0
$\begingroup$

My first instinct would be to use the force

$$\vec{F} =- \alpha \vec{v}$$

and therefore

$$V(\vec{r}) = \alpha \int_C \vec{v}\cdot d\vec{s} = \alpha \int_C \vec{v}\cdot \vec{v} dt = \alpha \int_C g_{ab} \frac{dx^a}{dt} \frac{dx^b}{dt} dt$$

(where $C$ is the projectile's path) and go from there. Would this work?

$\endgroup$
1
$\begingroup$

Since velocity dependent forces are not conservative, you cannot write them as the gradient of a potential function - ie. you cannot write a potential function as the integral of your non-conservative (dissipative) force. However, you can introduce a dissipative term into the equations and I believe it will work out from there. See, for example, http://www.phys.uri.edu/~gerhard/PHY520/mln9.pdf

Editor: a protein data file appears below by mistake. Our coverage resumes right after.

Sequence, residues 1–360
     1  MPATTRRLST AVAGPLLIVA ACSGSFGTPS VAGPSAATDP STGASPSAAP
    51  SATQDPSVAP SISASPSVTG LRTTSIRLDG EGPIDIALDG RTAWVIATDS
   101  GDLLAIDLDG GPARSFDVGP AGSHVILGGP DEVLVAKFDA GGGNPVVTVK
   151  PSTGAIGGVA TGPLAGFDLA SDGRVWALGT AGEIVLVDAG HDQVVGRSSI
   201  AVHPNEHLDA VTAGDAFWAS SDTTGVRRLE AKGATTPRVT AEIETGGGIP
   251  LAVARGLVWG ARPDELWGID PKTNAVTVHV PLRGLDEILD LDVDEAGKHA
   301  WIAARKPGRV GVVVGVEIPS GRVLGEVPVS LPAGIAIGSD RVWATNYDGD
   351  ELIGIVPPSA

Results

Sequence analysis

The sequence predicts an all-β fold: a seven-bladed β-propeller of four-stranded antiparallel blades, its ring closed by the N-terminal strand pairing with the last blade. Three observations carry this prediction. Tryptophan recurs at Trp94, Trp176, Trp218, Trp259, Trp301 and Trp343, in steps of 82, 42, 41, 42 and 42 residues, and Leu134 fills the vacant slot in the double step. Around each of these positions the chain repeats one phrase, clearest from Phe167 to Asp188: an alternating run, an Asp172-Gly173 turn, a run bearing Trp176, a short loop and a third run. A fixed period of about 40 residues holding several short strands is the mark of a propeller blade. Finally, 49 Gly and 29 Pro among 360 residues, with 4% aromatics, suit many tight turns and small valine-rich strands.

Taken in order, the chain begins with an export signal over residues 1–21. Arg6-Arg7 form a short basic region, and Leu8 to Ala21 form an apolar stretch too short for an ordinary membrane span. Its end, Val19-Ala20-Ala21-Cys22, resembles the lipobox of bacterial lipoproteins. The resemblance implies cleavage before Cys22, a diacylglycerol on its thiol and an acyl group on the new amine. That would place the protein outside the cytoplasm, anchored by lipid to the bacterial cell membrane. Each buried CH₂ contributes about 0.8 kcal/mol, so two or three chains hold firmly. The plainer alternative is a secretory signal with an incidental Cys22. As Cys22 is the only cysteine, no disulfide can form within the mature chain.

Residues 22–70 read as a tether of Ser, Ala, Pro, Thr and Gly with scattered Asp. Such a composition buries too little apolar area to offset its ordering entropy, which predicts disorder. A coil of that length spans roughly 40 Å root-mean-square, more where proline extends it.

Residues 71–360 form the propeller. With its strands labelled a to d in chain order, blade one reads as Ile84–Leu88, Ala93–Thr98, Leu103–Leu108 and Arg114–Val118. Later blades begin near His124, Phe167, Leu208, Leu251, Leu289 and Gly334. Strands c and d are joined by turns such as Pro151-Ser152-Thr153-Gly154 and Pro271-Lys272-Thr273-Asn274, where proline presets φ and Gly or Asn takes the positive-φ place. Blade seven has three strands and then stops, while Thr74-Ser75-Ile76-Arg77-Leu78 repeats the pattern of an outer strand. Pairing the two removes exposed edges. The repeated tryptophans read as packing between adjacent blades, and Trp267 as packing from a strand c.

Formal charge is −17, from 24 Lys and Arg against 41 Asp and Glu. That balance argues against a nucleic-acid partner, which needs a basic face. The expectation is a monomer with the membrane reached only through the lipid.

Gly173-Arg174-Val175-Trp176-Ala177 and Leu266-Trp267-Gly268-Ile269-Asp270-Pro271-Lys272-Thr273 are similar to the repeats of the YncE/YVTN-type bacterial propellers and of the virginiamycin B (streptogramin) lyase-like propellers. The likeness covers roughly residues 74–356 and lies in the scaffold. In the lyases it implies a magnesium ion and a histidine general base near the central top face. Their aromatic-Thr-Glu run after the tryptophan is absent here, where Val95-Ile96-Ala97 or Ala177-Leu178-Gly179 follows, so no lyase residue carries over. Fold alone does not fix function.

or other google links for lagrangian with friction

$\endgroup$

Your Answer

By clicking “Post Your Answer”, you agree to our terms of service, privacy policy and cookie policy

Not the answer you're looking for? Browse other questions tagged or ask your own question.